Mistakes that Can Rob You of Scholarship
Education is expensive, now more than ever
For many young people, getting financial aid or a scholarship is the only way they can afford to get an education. However, colleges are not very enthusiastic when it comes to parting with money. You will only be able to get support if you understand how the system works. Going in blind, your family and you are likely to make several critical mistakes that will rob you of financial support. Here is a list of things to avoid.
Only applying to your dream school. Now, I’m not saying that you won’t get into your dream school. However, the more options you have, the more likely you are about to succeed. Many people see the process of college application as colleges bestowing them with a privilege to set their unworthy feet on campus. This cannot be further from the truth. Educational institutions are there to provide a service that you will be paying for, so apply to as many as you can and show schools that you have options.
- Skipping the “intimidating” schools. Some colleges have reputations as either being too expensive, too prestigious, or too challenging to get into. The trick is to ignore these stereotypes and apply anyway. You’ll never know the actual price tag without doing some research first. Some private schools may post staggering prices like $55,000 dollars, but with aid, scholarship opportunities, and on campus work engagement it will eventually be reduced to $25,000, while a public school with a $40,000 starting price will only provide a $5,000 loan.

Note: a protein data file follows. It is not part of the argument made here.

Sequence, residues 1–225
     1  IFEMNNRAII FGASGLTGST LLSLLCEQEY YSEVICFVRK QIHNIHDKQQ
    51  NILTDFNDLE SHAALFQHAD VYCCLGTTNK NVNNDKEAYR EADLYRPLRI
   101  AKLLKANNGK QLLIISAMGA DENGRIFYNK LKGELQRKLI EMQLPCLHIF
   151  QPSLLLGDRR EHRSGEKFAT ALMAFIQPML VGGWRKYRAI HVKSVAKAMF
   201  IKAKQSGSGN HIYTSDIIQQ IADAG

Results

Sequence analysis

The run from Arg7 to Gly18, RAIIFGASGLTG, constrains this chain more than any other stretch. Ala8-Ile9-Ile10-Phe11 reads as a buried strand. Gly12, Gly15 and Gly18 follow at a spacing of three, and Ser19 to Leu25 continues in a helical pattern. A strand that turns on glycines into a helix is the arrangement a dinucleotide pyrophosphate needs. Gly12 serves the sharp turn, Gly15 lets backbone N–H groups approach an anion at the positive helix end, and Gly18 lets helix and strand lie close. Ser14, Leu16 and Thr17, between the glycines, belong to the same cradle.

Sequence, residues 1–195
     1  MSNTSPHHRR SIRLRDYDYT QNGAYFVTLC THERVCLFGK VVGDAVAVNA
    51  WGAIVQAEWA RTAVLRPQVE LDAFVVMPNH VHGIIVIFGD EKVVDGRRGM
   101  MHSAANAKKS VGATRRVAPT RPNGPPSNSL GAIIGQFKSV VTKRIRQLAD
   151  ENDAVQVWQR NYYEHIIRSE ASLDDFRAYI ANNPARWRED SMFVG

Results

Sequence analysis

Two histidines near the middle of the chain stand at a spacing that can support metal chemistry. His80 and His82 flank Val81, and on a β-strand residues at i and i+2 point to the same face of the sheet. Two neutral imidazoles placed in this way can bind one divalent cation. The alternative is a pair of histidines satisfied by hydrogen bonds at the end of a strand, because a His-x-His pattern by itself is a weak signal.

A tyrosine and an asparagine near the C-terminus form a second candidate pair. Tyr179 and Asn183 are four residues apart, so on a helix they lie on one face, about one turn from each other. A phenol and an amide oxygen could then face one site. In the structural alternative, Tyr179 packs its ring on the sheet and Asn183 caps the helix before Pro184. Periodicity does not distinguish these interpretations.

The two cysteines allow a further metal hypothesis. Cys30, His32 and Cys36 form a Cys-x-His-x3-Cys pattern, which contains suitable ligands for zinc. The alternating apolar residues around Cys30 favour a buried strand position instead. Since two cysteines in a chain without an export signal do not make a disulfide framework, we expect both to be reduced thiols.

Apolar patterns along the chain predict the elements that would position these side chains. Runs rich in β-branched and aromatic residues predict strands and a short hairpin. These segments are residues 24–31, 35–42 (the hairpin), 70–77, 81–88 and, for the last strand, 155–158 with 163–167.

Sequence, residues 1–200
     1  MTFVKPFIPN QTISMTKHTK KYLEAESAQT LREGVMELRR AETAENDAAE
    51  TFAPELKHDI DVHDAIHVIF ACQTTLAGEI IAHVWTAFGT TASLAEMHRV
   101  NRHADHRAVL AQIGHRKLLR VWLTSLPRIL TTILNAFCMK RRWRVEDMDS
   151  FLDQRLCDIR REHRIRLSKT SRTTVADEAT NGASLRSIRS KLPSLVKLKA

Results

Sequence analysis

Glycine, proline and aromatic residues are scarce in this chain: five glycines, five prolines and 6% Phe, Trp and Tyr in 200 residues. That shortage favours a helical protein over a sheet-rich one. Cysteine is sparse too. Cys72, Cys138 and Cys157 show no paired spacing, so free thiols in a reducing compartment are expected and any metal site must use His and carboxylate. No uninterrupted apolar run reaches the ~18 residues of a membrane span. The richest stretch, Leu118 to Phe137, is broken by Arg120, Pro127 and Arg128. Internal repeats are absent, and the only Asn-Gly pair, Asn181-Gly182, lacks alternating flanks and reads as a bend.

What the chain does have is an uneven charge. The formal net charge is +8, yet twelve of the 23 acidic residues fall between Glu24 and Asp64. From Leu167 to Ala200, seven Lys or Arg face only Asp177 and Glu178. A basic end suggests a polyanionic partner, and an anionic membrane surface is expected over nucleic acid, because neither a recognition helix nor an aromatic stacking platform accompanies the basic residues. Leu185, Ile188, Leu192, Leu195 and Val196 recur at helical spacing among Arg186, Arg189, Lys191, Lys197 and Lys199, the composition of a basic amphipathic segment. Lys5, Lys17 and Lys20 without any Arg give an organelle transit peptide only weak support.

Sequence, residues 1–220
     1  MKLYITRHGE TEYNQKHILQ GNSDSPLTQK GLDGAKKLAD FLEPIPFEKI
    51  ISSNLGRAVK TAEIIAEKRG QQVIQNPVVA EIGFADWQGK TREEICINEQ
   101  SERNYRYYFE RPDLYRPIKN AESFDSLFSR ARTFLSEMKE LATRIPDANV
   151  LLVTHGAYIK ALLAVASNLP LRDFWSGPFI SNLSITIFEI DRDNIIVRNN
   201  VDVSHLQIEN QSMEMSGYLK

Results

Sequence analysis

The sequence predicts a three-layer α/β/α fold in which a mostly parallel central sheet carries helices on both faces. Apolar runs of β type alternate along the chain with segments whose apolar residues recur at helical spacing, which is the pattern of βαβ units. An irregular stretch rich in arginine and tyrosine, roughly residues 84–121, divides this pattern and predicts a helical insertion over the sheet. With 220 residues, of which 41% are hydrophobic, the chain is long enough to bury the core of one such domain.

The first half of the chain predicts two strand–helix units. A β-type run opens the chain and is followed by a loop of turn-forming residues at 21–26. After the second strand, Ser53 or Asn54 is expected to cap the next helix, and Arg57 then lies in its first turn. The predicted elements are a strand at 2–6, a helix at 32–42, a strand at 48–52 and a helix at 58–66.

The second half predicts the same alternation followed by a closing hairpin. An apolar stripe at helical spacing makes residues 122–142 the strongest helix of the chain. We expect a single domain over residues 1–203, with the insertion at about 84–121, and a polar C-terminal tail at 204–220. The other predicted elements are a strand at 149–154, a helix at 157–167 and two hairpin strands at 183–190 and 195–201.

- Delaying the planning. This may be a bit of a lost opportunity for most. Most families don’t start thinking about colleges till the senior year. However, if you really want that glorious financial aid, you should really plan in advance. In addition to your academic performance, certain extracurricular activities will increase your chances of getting scholarships. Volunteering, art competitions, sports, and even pageants can help you pay for education.
- Getting distracted. There are so many things a young person may care about more than the financial aid application process, but if you don’t want to spend the next ten year after graduating paying off loans, you better keep your eyes on the prize. It is also good training for when you’ll have to file your taxes as an adult.
- Going after small opportunities. It’s true that there are some scholarships that remain unclaimed simply because people don’t know about them. However, those funds usually provide an infinitesimal amount of money. Focus on financial aid instead.
If all these rules seem a bit overcomplicated you can always employ one of financial aid services that know all the hidden pitfalls of the process. They don’t usually charge more than 5% of the money saved, so that’s a good investment. Whatever you decide to do, good luck on your application process and have a great experience in college.